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The ESG Review: Why are so many ESG images so crap?

Credit: Image from ‘Sunday: A Portrait of 21st Century England’ Copyright Matt Writtle 2023

In local journalism, potholes are the gift that keeps on giving. The UK’s roads are full of them, and newspaper stories about them always stir emotions.

This week, a pothole story made national headlines, but it was a picture that did the talking. The image to tell the tale of ‘Britain’s deepest pothole’ finally being filled was of a 5ft 6ins man standing in what had become a 5ft deep hole - as this brilliant photo in The Times vividly depicted. The man standing in the hole even did it as a one-man lobbying campaign, so the image persuaded the local council to repair it.

It made me think - why is a gas engineer in east London able to come up with a good idea for a photo that drives change and headlines when so many companies struggle to produce or source any really compelling images that visualise their ESG achievements and commitments?

My own experience is a case in point here. I’ve had many conversations recently about what kind of image is needed for the cover of an ESG-related document, to accompany a story or even to illustrate a concept. But too often, those conversations are at the end of the process, after every word has been poured over, rather than asking the fundamental question from the outset: what do we want to communicate, and how can we best use words and images to do that?

Lots of stories can be challenging to tell in photos - well, more specifically, it can be difficult to find a photo to accompany or embody the story once you’ve written the words. Just ask anyone who has worked in the technology sector for a while.

And to be fair, ESG covers such a vast spectrum that expecting to be able to lean on photography or imagery to encapsulate it all will always be futile. It would be a little like searching for images of ‘business’ to support a commercial announcement only to be disappointed at offers of stock images of people milling around offices in forced poses.

I put this to a couple of experts. Firstly, Scott Shillum has spent 30+ years (sorry Scott..) giving his advice on how to better use pictures to tell corporate stories. He was on picture desk at The European and then Sunday Business (remember them?) before setting up a photo and video content agency VisMedia, which he later merged into reporting, brand and employee comms specialist Emperor.

In his view, corporate communicators tend to end up scratching around for supportive photography because they either try to do too much or don’t consider visual communication from the outset.

“We revert to the obvious 'green' cliche because capturing the complex and nuanced nature of ESG issues in a single image is nigh on impossible,” he said.

“ESG needs to be broken down into its constituent parts. Ideally, a company should commission its own image bank that represents its own efforts and focus on the individual elements of the narrative. This can be a relatively significant investment initially, but if done correctly, there would be a unique image bank that is on-brand and can be utilised across multiple channels for a long time.

“The creation of new content should be an iterative process. Focus on some key areas of your ESG strategy and commit to building on that over time. Plan for a new photography shoot once every six months and map it into the activity timeline in the content calendar. You would quickly build up a unique library that tells your story how you want it to be told,” he said.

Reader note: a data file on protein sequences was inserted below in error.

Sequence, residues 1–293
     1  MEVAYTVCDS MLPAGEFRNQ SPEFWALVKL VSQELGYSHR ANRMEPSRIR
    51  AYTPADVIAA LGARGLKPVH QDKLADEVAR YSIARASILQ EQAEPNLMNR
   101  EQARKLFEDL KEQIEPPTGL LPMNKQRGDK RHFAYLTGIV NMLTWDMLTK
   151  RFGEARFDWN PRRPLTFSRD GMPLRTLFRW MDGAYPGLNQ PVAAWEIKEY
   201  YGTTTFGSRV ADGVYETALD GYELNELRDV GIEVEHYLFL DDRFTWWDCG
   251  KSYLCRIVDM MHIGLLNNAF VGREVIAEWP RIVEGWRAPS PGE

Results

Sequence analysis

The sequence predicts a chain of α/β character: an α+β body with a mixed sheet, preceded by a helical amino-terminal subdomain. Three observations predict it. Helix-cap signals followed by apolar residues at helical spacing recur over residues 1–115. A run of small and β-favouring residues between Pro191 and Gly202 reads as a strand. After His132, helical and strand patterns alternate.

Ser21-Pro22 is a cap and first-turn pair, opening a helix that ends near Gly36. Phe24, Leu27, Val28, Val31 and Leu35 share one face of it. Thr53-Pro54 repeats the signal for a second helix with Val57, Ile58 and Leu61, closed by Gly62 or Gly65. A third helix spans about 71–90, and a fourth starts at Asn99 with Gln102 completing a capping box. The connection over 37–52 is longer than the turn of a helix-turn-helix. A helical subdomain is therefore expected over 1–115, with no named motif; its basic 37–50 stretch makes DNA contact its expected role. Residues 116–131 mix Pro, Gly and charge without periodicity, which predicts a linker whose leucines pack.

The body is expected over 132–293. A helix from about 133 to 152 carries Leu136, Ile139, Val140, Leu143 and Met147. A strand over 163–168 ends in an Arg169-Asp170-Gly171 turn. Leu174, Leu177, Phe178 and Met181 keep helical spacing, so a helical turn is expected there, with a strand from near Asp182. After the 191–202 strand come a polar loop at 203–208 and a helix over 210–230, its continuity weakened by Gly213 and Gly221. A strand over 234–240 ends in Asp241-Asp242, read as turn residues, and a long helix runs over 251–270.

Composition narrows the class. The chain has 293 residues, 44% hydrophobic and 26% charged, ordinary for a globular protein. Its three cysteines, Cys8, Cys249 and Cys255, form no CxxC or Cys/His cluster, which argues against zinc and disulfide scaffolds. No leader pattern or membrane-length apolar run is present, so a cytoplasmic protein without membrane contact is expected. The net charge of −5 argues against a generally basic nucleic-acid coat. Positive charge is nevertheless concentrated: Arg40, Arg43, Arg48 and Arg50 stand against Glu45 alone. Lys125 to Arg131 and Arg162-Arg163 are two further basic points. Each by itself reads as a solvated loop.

Photographer Matt Writtle, who shoots for the Evening Standard and several nationals alongside corporate and broader photographic work, had a similar take on the challenge.

“The power of photography can transform an average story and make it into a must read piece,” he said. ““Most of the principles of getting good shots to illustrate an ESG story are the same as for any corporate story. Figure out what you want to communicate, work with a photographer on what the visual element needs to add to the overall story, then develop ideas for how best to capture that.

“Sometimes, the photo can even be the story, and be a better way of communicating a single aspect of a project or initiative, for example where something is a huge facility or a small technological advance is making an enormous difference.

But he added: “What’s missing seems to be the creative bridge between photographers and corporate communicators who mostly deal with words. The more they can work together from the outset on ideas, or even look to develop their own set of ESG stock photos, the better position they should be to tell their own stories rather than having to resort to using bland, standard images.”

With pressure continuing to increase on businesses to not just demonstrate the value of their ESG commitments, but continue to convince all stakeholders that such commitments are the right strategic move long-term, surely there is clear value in creating better photography to help do so?

And with regulators continuing to address greenwashing concerns by restricting the inappropriate or inaccurate use of certain words, surely images can both be a powerful asset for storytelling and help to demonstrate commitments - even certain facts - in ways that words alone cannot?

Until then, next time you wince while selecting a green shoot in a pot, blocks with E/S/G on them on an abstract take on a wind turbine, perhaps stop to ask whether we could all be doing this a little better. Without falling foul of any potholes along the way.

The ESG News Review is written by Steve Earl, a Partner at BOLDT.

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